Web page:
Poverty is still widespread in this remote, mountainous rural area where the local population relies on small-scale agriculture for its survival. SOS Children’s Villages began its work here due to the geographical isolation and the lack of infrastructure and services the local population faced.
Young girls are at a particular disadvantage in Nepali society
Children can live with their brothers and sisters in SOS Children's Village Surkhet (photo: SOS archives).
SOS Children’s Village Surkhet is situated in a small valley in the west of the country at an altitude of 1,000 meters. The nearest town is Nepalgunj, 106 km away. Surkhet Valley has traditionally been very hard to access by road, so many towns and villages here are quite remote, with little public services and infrastructure, and the people here are very poor. Infant mortality rates in the region are also very high, as medical facilities are hard to access.
Today, 84 per cent of Nepali children are enrolled in primary school, but 50 per cent drop out of school once they have reached the age of ten and only 27 per cent of them make it past the fifth grade. Many parents cannot afford to send their children to school because they have to cover the costs of tuition fees, school uniforms and books, and transportation to and from school. Due to the poverty of the local communities, which depend mainly on farming for their livelihood, many children are taken out of education in order to help on the family farm.
The situation of Nepali women has improved in recent years: the country passed its first law on domestic violence in 2009, for example. Between the years of 1996 and 2006 the median age for marriage for women rose from 16.4 years to 17.2. However, women and girls still do not take part fully in the economic, social and political life of the country: 73 per cent of women over the age of 15 are illiterate. The trafficking of women and girls to India for bonded labour remains a grave concern, with up to 12,000 estimated to be trafficked each year.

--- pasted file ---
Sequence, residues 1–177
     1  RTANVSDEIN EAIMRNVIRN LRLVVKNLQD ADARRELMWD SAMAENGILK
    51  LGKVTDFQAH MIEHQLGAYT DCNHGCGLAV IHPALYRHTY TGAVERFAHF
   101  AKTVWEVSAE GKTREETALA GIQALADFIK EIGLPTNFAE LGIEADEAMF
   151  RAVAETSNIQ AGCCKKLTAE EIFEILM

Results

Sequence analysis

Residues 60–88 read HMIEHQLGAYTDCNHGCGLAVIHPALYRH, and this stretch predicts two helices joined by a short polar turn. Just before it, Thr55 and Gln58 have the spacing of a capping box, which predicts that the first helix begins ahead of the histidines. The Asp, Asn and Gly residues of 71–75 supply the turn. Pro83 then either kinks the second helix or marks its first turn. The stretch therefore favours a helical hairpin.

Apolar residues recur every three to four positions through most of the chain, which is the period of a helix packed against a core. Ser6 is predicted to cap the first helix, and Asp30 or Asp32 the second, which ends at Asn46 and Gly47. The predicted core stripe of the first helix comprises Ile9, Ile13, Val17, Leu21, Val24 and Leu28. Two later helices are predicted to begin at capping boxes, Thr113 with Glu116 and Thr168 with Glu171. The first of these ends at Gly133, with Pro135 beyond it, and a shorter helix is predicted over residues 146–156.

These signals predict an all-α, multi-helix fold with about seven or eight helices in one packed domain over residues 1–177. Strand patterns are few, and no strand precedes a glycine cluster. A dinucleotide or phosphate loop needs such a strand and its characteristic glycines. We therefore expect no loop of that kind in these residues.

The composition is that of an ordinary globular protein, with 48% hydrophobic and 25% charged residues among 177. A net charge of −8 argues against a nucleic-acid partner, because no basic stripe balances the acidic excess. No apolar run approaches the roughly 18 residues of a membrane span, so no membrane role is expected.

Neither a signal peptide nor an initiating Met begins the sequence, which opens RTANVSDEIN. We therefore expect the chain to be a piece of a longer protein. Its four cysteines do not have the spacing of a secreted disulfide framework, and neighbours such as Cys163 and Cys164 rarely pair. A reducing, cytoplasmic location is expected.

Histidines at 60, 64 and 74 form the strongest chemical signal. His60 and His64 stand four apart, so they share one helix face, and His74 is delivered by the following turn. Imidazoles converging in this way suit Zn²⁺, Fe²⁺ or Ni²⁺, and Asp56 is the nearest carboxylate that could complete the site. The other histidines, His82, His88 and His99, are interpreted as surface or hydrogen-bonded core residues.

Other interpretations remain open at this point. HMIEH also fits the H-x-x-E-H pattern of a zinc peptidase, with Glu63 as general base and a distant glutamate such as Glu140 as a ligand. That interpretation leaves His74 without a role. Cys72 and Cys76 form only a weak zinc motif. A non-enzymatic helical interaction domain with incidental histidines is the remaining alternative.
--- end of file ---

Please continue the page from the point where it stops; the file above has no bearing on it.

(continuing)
Holistic support for all members of the family for a secure and stable home
The SOS Social Centre in Surkhet reaches out to struggling families in the neighbouring communities and provides a family strengthening programme. We offer literacy classes for children who have missed out on education, and we also provide scholarships for children who are in danger of having to drop out of school for financial reasons. We run a day-care centre at the SOS Social Centre, allowing working parents to leave their children in safe hands while they are out making a living. To help parents improve their situation, we offer a skills-development programme for woman where they receive training and guidance on income-generating skills so that they can become financially independent.
Our SOS Social Centre in Nepalgunj – the largest nearby town, located just over 100 km from the children’s village – reaches out to over 1,200 people and also provides scholarships to ensure local children can attend school, as well as a day-care centre for toddlers. The SOS Medical Centre here attends to almost 10,000 patients each year, providing free medical care, treatment, and check-ups as well as free medication to members of the community who otherwise could not afford it.
What we do in Surkhet
Children studying together (photo: SOS archives).
SOS Children’s Villages began its work in Surkhet in 1987. Today, children who are no longer able to live with their parents can find a loving home in one of 14 SOS families. In each family, the children live with their brothers and sisters, affectionately cared for by their SOS mother.
Together with children from the neighbourhood, the children from SOS families attend the SOS Kindergarten and the SOS primary and secondary schools, which provide a solid educational foundation to almost 600 pupils.
Young people from SOS families who are ready to move out of home in order to study or receive vocational training can join the SOS Youth Programme, where they live together in special houses for boys and for girls, supervised and guided by professional counsellors as they make the transition into independent adulthood. Of course the young adults also maintain close contact with their SOS mother and siblings.